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Sheila Rivers

What type of requests are you referring to?

Scott Mato

Teacher requests are a slippery slope. Teachers often want you to take a "hard line" and not accept any requests because it is fair and just, even though some teachers themselves make requests, and some teachers secretly "make deals" with parents whom they know for whatever reasons. If you do take a "hard line," you run a high risk that parents will be disgruntled and, rather than discuss it with you personally, they will sound off in the community and do end runs on the chain of command.

My guidance counselor and I have reached a compromise that works for us, our teachers, and for our school community. Towards the end of April, when we have end-of-the-year data, we send a letter home to parents discouraging requests, however, if they can provide us a solid rationale in writing supporting their request, we will consider it. We tell them straight up there are no guarantees. It works well.

Our teachers provide academic and behavioral input. A committee of administrators, guidance, reading specialists, and learning support people work together to create class lists that are balanced in as many ways as possible. Like every school, we have registrations and withdrawals over the summer and into the first week in school. By not guaranteeing request, we give ourselves the freedom to adjust class lists as close to the beginning of school as possible. We distribute the class lists to teachers 2 weeks before school,and to parents about one week before school.

Over the past two years, we have almost 50% fewer requests mostly because they have to provide a rationale and put it in writing. Plus, we have been able to honor all valid requests.

Dave Sherman

I do not accept requests for specific teachers. In the spring I send out a form that parents may complete describing their child's best learning styles (I call it the Goals/Concerns form). If they ask for a teacher, I send the form back home with a blank one. I WILL accept it when a parent asks NOT to have a teacher for a child. I also will accept friendship requests, but I make it very clear that there are no guarantees. In my community, I need to be firm with these rules, or the parents will take advantage.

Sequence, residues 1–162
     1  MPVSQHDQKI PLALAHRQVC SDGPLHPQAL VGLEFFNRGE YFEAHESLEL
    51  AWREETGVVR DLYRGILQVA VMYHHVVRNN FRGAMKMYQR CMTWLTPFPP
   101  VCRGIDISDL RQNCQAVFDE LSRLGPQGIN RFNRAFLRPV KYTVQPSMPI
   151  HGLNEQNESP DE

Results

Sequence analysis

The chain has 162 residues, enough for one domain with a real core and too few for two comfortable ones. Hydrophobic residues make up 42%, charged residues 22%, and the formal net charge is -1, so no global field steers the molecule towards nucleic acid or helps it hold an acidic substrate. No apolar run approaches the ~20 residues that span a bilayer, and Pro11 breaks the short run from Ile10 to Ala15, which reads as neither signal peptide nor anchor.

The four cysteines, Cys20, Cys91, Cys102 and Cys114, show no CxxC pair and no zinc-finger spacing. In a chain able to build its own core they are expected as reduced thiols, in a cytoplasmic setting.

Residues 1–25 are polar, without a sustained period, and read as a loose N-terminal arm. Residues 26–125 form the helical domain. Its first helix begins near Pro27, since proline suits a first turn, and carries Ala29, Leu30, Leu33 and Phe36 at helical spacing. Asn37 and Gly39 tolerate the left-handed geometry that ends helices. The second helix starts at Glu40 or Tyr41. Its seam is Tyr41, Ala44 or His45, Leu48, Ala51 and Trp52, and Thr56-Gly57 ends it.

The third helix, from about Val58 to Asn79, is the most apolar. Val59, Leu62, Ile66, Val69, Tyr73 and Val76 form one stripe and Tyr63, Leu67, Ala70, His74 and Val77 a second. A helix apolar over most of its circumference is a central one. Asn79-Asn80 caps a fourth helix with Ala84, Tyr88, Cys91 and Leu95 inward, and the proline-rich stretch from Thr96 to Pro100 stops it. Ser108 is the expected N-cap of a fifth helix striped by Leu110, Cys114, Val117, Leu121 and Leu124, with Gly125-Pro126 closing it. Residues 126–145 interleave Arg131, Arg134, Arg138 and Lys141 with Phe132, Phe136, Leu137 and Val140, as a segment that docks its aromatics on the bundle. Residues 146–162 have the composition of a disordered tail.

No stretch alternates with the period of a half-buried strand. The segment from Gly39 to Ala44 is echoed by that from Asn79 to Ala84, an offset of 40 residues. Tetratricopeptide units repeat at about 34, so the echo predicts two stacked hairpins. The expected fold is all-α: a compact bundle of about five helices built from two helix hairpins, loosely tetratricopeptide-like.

I build the classes by hand but I work closely with the teachers once the first drafts are built. This is one aspect of our jobs where it is impossible to make everyone happy. Go with your gut instincts.

Ruth Nettelhorst

At our school, parents can tell their child's current teacher who they would like. The teachers place the children in the next grade level based upon where they think the child will do best, giving heed to requests as much as we can. We balance the classes between boys and girls, high, mediums, and lows, separate for behavior when we can, and balance the behavior problems between teachers.

The "party line" is that the teachers make recommendations, but the principal has the final say. This has worked very well for our school for the last few years since we have gone back to traditional schedule.

Our school has high parent input and is a desirable school. If we did formal requests, we'd have a line longer than the one waiting for the next Harry Potter premier.

This is a K-5 school. We are a total title one school, hopefully not going into our second year of program improvement.


If teachers are requested, they must list 3 that they would prefer and understand that it not guaranteed. One teacher name is not accepted. (We have 6-7 per grade level in K-5.) We are a rural school of about 1850 students K-12.


Good question. Here's an idea. If class size is 30, choose 25 or so slots the normal way. If Sally is placed in classroom A, and parent wants classroom B, then she goes in the lottery.

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